The web platform already allows web applications to capture the current tab’s video track. It now ships with Region Capture, a mechanism for cropping these video tracks. The web application designates a portion of the current tab as its area of interest, and the browser crops all pixels outside that area.
The web application could previously crop video tracks “manually”. That is, the web application can directly manipulate each frame. This is neither robust nor efficient. Area capture addresses these shortcomings. A web application can now instruct the browser to do work on its behalf.
#About area capture
So, you have created a website using Dynamic Content™. This is the best web app ever, people use it collaboratively so often and can’t stop using it. The next step could be to embed virtual meeting capabilities. You decide to do so. You work with an existing videoconferencing service provider to embed their web application as a cross-domain iframe. The video conferencing web application captures the current tab as a video track and transmits it to remote participants.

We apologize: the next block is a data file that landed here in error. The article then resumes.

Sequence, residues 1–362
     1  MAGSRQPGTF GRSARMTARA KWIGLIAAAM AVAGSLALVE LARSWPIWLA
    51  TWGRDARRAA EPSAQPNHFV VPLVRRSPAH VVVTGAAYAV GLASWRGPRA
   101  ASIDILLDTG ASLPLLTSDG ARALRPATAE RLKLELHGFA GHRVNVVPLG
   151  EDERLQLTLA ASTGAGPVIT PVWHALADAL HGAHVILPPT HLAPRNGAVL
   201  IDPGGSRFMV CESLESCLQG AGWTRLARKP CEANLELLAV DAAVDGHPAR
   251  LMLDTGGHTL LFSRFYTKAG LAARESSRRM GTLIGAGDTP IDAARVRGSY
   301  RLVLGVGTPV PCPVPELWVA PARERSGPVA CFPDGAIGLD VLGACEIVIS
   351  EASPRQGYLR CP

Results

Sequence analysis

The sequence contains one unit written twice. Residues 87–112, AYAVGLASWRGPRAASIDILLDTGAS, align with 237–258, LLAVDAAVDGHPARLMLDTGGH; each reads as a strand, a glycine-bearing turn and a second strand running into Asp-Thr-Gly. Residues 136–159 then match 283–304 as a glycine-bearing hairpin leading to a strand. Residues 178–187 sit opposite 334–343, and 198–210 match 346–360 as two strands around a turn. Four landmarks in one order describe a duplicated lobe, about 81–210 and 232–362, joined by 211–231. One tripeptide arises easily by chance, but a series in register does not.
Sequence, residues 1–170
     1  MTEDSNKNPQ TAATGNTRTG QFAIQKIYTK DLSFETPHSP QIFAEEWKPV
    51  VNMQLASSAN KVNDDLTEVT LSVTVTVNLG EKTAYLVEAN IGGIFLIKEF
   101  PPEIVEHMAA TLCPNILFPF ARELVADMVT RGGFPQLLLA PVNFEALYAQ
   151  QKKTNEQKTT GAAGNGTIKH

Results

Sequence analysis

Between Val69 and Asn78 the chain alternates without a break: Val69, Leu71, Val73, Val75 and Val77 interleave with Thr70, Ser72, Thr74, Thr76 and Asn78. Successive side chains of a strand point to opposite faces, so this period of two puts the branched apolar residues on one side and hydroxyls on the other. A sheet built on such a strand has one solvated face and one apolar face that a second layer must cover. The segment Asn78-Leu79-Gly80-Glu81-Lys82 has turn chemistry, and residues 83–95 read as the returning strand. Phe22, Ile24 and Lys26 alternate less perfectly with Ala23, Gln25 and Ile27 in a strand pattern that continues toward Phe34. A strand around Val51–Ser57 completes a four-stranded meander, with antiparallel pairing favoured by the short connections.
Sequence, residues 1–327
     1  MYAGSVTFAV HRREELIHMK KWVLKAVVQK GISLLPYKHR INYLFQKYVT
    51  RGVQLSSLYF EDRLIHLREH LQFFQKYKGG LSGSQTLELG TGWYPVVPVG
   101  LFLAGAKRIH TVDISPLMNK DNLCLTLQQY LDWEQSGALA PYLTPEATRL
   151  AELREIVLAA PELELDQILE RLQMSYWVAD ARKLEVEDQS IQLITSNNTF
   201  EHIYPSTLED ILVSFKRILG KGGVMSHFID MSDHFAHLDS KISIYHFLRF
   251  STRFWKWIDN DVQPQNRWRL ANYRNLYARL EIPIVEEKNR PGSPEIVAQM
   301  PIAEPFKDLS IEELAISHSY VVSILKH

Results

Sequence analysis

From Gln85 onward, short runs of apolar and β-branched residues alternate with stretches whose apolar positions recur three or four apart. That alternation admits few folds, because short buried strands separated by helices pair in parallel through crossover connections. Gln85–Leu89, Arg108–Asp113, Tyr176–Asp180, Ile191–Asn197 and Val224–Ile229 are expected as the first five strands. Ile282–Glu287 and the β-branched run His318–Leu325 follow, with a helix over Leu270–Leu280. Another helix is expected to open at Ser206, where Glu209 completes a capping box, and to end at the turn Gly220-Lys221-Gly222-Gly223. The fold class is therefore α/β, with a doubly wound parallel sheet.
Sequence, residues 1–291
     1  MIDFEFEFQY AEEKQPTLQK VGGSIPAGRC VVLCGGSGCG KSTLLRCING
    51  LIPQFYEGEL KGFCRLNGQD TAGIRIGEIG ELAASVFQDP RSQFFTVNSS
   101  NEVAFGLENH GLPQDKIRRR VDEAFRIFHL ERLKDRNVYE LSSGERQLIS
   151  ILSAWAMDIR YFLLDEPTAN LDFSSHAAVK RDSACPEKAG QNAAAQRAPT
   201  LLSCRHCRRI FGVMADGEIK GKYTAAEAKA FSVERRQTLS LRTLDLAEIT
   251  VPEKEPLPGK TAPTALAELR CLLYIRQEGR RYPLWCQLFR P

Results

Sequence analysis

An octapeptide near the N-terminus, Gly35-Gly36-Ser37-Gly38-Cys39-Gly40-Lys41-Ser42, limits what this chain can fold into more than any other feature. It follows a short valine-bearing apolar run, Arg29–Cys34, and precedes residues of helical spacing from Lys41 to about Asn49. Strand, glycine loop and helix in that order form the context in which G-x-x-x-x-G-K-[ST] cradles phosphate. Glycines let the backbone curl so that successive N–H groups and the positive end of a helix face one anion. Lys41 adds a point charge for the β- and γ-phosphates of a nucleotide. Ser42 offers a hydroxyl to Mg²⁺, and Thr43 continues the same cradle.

The main content area is blue, and the cross-domain iframe is red.
Not so fast… you wouldn’t really want to send people their own videos back to them would you? It’s best to cut that part off. But how? Embedded iframes don’t know what you’ve exposed and where, so they can’t be cropped without help. In theory, you can pass the expected coordinates. But what happens if the user resizes the window? Scroll viewport? Zoom in or out? Interact with the page in a way that produces layout changes? Even if you send new coordinates to the capture iframe, timing issues can still cause some bad frames.
So let’s use area capture. You have an
Element on your page, probably a
<div> that contains the main content. Let’s call it
mainContentArea . You want the videoconferencing web application to capture and share the bounding box of this element remotely…
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